Complete Guide to Buying Binoculars

We’re getting ready for birdwatching this summer, and we’re sure some of you are too! Whether you plan to observe wildlife or simply want a better view of the horizon, binoculars are a pretty handy tool to keep around.

There are many features about binoculars you may not know, and there are some things you should think about before buying the first pair you see on the shelf.

Below, we’ll share everything we know about binoculars to help you find and buy a pair that’s right for you and your upcoming activities. 

binoculars are a handy tool in many situations

Understanding Various Binocular Specs

Not all binoculars are made the same. There are a few different components on a pair of binoculars to look out for before you make a purchase.


The magnification of your binoculars is the level of depth your binoculars are able to enlarge the image you are viewing. For example, if a pair of binoculars claims their magnification power is 8x, that means the object you’re looking at will look eight times closer to you than it would with your eyes alone.

The average range of a pair of binoculars is anywhere between 6x and 12x, but some binoculars can go even higher, up to 180x.

Higher magnification also means a less stable and sharp image. Shaky hands look much more significant when you’re zoomed in more, so you either need stabilized binoculars or a stand to put the binoculars on.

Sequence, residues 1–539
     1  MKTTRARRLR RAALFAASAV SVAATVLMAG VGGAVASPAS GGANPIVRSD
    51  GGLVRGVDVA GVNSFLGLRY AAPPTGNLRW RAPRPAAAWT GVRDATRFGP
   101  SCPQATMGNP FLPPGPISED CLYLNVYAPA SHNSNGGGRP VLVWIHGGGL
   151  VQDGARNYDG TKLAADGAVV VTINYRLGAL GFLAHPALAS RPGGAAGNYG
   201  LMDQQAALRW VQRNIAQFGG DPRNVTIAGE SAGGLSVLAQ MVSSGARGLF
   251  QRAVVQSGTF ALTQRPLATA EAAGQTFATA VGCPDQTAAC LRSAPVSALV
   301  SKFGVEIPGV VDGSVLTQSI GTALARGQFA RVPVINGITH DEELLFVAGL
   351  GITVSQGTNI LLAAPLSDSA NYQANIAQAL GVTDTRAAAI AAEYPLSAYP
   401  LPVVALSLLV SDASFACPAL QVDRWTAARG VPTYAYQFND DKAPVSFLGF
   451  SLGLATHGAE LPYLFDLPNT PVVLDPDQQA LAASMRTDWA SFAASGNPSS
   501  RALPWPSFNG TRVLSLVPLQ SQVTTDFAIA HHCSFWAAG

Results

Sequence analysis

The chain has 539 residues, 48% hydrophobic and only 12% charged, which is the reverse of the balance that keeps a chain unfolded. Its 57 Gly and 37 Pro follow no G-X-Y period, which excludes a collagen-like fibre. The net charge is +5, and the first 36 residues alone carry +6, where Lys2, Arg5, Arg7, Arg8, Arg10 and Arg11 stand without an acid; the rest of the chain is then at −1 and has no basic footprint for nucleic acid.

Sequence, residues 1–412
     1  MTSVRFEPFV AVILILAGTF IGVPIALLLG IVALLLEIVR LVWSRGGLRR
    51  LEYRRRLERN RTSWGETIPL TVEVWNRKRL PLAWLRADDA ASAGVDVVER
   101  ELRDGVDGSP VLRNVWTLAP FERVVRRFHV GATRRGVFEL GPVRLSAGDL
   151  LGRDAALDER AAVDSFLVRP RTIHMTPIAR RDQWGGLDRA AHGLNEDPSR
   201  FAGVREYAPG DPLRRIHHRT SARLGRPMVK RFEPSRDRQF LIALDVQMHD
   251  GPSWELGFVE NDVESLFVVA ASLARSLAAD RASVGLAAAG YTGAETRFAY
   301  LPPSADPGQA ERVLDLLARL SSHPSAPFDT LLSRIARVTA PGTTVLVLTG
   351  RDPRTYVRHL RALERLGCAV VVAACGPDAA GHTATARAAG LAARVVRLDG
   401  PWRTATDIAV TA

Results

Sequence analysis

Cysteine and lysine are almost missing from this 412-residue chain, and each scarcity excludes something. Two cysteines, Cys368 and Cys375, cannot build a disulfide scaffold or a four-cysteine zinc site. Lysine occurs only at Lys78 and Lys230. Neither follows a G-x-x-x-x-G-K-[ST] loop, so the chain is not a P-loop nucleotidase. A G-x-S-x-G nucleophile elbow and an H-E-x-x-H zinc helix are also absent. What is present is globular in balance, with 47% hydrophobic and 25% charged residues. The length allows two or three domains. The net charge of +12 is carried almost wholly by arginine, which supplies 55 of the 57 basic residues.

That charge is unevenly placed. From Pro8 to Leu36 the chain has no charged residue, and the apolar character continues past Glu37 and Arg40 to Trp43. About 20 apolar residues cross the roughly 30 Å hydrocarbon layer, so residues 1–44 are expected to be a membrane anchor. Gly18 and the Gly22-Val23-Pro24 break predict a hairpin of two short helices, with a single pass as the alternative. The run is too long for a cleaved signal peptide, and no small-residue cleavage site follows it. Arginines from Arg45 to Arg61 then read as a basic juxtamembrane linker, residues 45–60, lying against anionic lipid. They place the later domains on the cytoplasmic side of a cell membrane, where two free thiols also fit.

Binoculars with higher magnification should also take image brightness into account. The more you zoom, the less light that reaches your eyes, so images can look dimmer or darker. High-quality binoculars should still appear reasonably bright if they have magnification as high as 16x.

Objective Lens

The objective lenses are at the front of each barrel on your binoculars. Your objective lens is essential for gathering light properly, and is responsible for image brightness.

The size of your objective lens decides how much light it is able to take in at once. The larger the lens is in diameter, the more light the lens can take in, and the brighter the image you will see. 

Larger lenses also have a greater field depth, which means more objects at a distance will appear in focus without you having to refocus everything. 

Make sure you think about lens size when you consider what you want to use your binoculars for. If you want to go sightseeing, larger lenses will let you see more clearer the object of focus even in low light.

We recommend getting binoculars that have at least 32mm lenses, as you’ll have a much easier time seeing images. Though 42mm lenses are on full-size binoculars and will give you even greater sight. 

The second number of a pair of binoculars’ specification tells you how many millimeters in diameter the objective lens is. So, a pair of binoculars that says 8×42 has an objective lens diameter of 42mm. Objective lenses usually range anywhere between 30 and 50mm.

Field of View

Your field of view is how wide the image you can see through your binoculars is at one time.